JUST THINKING: Losing to the ugly monkey

Just Thinking | Julie Stafford

Who are those people in your life you think about often? Who you think about reconnecting with? Think about calling just to find out how they’re doing? Think about the fact they probably need to hear you tell them you love them?

Don’t think about it anymore. Do it.

I reconnected — really, it was more like connected for the first time – with my cousin Zachary several years ago when I lived just outside Boulder, Colo. He arrived in town as a freshman from San Francisco at the University of Colorado. He was more than 20 years younger than I, a little on the wild side, self-focused as so many teenagers his age are — myself included when I was young.

We didn’t really spend a lot of time together for a number of reasons including the fact I had three little kids and his life was headed in a different — not necessarily healthy — direction. He was, however, the younger of my Aunt Kitty’s two boys. And I absolutely adored and admired her. I loved it when she came to visit Zach because, selfishly, sometimes she’d stay with me and I’d get one-on-one time with her.

Zach’s life spiraled into an awful place and he ended up in an outdoor wilderness therapy program that taught kids with addictions how to survive under difficult circumstances. He excelled and graduated and actually focused his education from that point forward on becoming an outdoor rehab therapist. He knew he had a daily monkey on his back and that forever and ever there were certain givens: Treat your body like a temple and no more drugs.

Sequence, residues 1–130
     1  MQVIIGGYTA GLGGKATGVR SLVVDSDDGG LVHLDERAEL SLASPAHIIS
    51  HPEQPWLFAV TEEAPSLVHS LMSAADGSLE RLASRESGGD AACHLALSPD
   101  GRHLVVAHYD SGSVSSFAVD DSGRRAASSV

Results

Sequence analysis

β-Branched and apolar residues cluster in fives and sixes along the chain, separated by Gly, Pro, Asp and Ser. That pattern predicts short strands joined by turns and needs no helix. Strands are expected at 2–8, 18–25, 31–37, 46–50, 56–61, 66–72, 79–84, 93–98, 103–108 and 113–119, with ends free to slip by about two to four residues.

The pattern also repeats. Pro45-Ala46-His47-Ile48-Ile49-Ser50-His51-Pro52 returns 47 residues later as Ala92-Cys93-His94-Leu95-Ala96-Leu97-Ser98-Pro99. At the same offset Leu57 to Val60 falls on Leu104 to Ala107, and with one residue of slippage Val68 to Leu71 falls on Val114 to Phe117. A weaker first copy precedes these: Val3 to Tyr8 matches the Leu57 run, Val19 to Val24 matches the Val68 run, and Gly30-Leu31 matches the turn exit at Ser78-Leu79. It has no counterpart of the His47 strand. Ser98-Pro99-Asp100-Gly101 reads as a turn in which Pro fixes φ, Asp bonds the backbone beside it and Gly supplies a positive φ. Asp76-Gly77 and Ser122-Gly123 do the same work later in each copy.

He did great. And he came into the lives of my kids and me during our final months in Boulder, enjoying family dinners and outings and movie nights. We laughed a lot and talked about our family — cousins, aunts and uncles, many whom he never met but wanted to one day. We talked about him coming to Michigan during the summer.

This past summer didn’t work out because he had a new job. He was happy and in a meaningful relationship and working. So it seemed OK. I’ve been meaning to call him, Facebook him, let him know that I love him, I’m proud of him, I miss him. But I didn’t.

And now he’s gone. Zach just couldn’t shake the monkey. And in the end, it killed him. A week ago,Thursday. He was 25.

We don’t really know many details about how long Zach had been using again. Some suspect this may have been a first or that he was just dabbling, trying to satisfy an urge that wouldn’t go away. It doesn’t really matter, though. What matters is that he’s gone. And that his life not be forgotten or a waste.

Zach didn’t have enough time on this planet to make the kind of positive impact he wanted to. But in a tragically sad kind of way, maybe he’ll have that impact on someone, somewhere through the story of his death. Drugs may seem innocent and fun and easy to overcome in the moment. But they’ll haunt you always. I lost my youngest cousin to the ugly monkey so many carry around on their backs. He was a good kid. With high hopes. And dreams. And he died because of an overdose of the monkey that just wouldn’t leave him alone.

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